Jinnah’s Flagstaff House, neglected but not forgotten
This summer, when a meeting in Karachi was cancelled, I finally found an opportunity to visit the Flagstaff House. I had known it was a museum since college days but had been unable to visit it. I felt it was time to make up for the omission.
Flagstaff House is an impressive stone building located in the Saddar area in Karachi, and was one of the residential properties of Quaid-e-Azam Muhammad Ali Jinnah. He had purchased it from a Parsi businessman before partition.
As we pulled into the driveway, I was surprised that one could drive right in. There was only a single semi-interested security guard.
Upon walking up to the house, I was greeted by its government-appointed caretaker, Rashid. He kindly offered to show me the house himself and we walked around to a back entrance. Rashid seemed very well informed and narrated the history of the house to me. He unlocked an old kundi (lock) and we stepped through into a corridor. It was as if one had stepped back in time. I recognised the musty smell as one I had known from my childhood afternoons spent rummaging through my grandfather’s storeroom.
The ground floor had the main drawing room and dining room. The former was large and filled with elegant, high quality furniture and a Persian carpet covering the floor. There was a study area on one side. One of the table-top decoration pieces showed a map of the two wings of the Pakistan of 1947, which Mr Jinnah had called ‘moth-eaten’. I wondered what term he would have used for what remains today.
Several portraits of Mr Jinnah hung around the room. A slight layer of dust covered everything. To the west was the main dining room. A foyer before the room contained a sideboard and an Iznik ceramic washing-bowl. There was a long, engraved wooden table in the centre and overlooking it was a sketch-portrait of Fatima Jinnah.
Next, we took the stairs up to the first floor. Pausing at a landing, Rashid pointed out that when Dina Wadia (Mr Jinnah’s daughter) came to the Flagstaff House during a visit to Pakistan in 2004, she had stopped here to take a long, careful look at the photograph frames on the wall. These included a picture of Mr Jinnah with young Dina and their dogs – a black Doberman and a white Terrier.
On the first floor, there was an open area with a breakfast table, a second ‘upstairs’ drawing room and two bedrooms belonging to Fatima Jinnah and Mr Jinnah respectively. The rooms are preserved well, it seems as if someone had locked up the house in the 1940s and has not returned since. The second drawing room, likely for special guests, was more compact than the first.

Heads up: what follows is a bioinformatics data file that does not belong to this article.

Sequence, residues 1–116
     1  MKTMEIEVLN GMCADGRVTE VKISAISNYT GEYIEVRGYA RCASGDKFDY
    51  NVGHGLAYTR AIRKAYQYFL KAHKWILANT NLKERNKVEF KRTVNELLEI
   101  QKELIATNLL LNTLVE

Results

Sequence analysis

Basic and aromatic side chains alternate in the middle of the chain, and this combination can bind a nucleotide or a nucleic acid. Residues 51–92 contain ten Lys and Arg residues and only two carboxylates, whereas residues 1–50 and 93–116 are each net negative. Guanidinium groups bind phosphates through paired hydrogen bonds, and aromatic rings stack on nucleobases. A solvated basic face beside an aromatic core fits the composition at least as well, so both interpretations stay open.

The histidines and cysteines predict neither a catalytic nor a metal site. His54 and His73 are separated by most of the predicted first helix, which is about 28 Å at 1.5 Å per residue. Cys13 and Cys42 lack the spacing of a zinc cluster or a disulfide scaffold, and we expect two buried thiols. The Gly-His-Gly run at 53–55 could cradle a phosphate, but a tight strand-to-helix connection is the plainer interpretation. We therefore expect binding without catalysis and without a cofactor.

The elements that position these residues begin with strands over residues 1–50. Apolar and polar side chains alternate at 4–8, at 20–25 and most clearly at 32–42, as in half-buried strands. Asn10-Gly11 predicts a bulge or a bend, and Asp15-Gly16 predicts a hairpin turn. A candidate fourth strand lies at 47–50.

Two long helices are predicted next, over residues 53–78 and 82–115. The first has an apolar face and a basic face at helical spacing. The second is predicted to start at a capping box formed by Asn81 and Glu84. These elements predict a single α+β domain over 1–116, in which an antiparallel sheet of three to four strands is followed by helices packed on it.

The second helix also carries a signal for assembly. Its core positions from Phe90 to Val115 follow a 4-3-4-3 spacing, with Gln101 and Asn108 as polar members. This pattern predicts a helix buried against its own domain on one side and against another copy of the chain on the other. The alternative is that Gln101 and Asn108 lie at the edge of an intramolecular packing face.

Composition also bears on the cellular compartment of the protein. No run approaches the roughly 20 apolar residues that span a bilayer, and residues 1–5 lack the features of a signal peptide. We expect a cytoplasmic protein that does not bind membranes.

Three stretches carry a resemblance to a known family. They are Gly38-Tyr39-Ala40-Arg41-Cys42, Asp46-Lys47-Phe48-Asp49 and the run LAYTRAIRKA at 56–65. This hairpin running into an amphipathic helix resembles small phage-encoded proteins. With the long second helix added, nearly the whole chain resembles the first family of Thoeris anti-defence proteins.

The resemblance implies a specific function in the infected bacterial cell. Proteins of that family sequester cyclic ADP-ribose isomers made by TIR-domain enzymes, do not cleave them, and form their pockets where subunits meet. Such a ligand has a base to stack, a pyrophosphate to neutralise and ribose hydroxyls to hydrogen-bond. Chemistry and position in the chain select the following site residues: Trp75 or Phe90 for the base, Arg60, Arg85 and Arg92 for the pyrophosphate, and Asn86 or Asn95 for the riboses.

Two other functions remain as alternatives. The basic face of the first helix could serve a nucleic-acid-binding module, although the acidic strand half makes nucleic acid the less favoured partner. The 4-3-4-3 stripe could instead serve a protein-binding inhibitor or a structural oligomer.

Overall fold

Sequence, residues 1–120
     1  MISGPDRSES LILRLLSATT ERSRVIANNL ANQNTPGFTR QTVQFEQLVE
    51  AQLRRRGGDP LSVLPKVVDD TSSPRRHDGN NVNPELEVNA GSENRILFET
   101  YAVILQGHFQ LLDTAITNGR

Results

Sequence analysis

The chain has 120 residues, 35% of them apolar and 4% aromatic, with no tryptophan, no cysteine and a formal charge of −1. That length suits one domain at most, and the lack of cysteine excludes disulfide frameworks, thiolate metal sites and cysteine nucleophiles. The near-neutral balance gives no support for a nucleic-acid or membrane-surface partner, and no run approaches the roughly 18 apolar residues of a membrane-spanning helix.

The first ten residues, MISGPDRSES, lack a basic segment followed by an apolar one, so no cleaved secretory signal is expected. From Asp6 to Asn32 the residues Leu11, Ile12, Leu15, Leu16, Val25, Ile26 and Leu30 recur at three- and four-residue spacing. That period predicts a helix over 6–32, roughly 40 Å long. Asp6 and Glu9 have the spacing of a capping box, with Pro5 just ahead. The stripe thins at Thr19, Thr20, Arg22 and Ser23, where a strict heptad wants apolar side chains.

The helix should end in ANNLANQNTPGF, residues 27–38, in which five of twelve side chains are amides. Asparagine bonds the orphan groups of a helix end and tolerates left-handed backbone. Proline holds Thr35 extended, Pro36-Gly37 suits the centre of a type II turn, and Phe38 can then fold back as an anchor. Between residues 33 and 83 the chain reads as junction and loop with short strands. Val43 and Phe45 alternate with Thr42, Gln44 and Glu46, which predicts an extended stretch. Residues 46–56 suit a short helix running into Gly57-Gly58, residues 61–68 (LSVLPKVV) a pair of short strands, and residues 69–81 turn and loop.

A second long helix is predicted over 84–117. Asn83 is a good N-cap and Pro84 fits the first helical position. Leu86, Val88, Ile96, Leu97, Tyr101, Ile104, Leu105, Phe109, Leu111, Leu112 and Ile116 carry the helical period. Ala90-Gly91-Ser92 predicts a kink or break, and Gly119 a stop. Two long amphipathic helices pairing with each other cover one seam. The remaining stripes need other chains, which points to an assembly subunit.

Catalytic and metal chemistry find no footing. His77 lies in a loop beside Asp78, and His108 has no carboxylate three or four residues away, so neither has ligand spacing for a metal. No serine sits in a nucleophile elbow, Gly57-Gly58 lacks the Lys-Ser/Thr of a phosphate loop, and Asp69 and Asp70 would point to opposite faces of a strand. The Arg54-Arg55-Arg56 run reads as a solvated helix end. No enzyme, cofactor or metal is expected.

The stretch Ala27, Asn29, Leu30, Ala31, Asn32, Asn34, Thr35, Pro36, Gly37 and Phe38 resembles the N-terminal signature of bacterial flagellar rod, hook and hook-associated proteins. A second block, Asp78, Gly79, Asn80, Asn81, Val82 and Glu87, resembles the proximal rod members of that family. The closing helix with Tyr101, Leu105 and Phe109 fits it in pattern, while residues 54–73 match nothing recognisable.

Both rooms were sparsely furnished. Fatima Jinnah’s came first, and had a separate dressing area. Inside, I noticed a picture frame depicting a laltain (lantern). This was her campaign symbol in the 1965 election, during which she had led a coalition of parties to give fierce opposition to Ayub Khan. Many say that had it been a direct election, she would have won.
Mr Jinnah’s room was done in dark-wood furniture. Like his sister’s room, there was only a single bed and a bedside table, with a small sitting area. There was an intercom system, which must have been quite advanced for the time. A pair of his iconic two-tone shoes lay on a rack in the corner. I took a few minutes to observe the room in silence.
Mr Jinnah’s house and his possessions contained therein reflected his personal style well – austere, but of high quality; befitting of an individual of substance.
When it was time to return we made our way back down. Rashid, who has cared for the house for decades with pride, informed me that the per annum maintenance allocation for it was just Rs 5,000. This shockingly low figure is a good indicator of the respect that the government accords in the memory of the man who gave his all to create Pakistan. The house does not require a large-scale expenditure, but enough resources should be dedicated to ensure its upkeep and safety.
Rashid then asked me to sign the guestbook, which made me feel honoured. When I opened it, I understood why he had been surprised to see me earlier; there were only a handful of entries per month. Flagstaff House, like the principles of the man it belonged to, has been largely forgotten.
As I walked along the gravel-lined driveway towards the car, I looked back at Flagstaff House, Pakistan’s flag fluttered proudly in front of it. Perhaps Mr Jinnah’s principles have been forgotten by the state, but I hoped that they will be remembered by the people of Pakistan.
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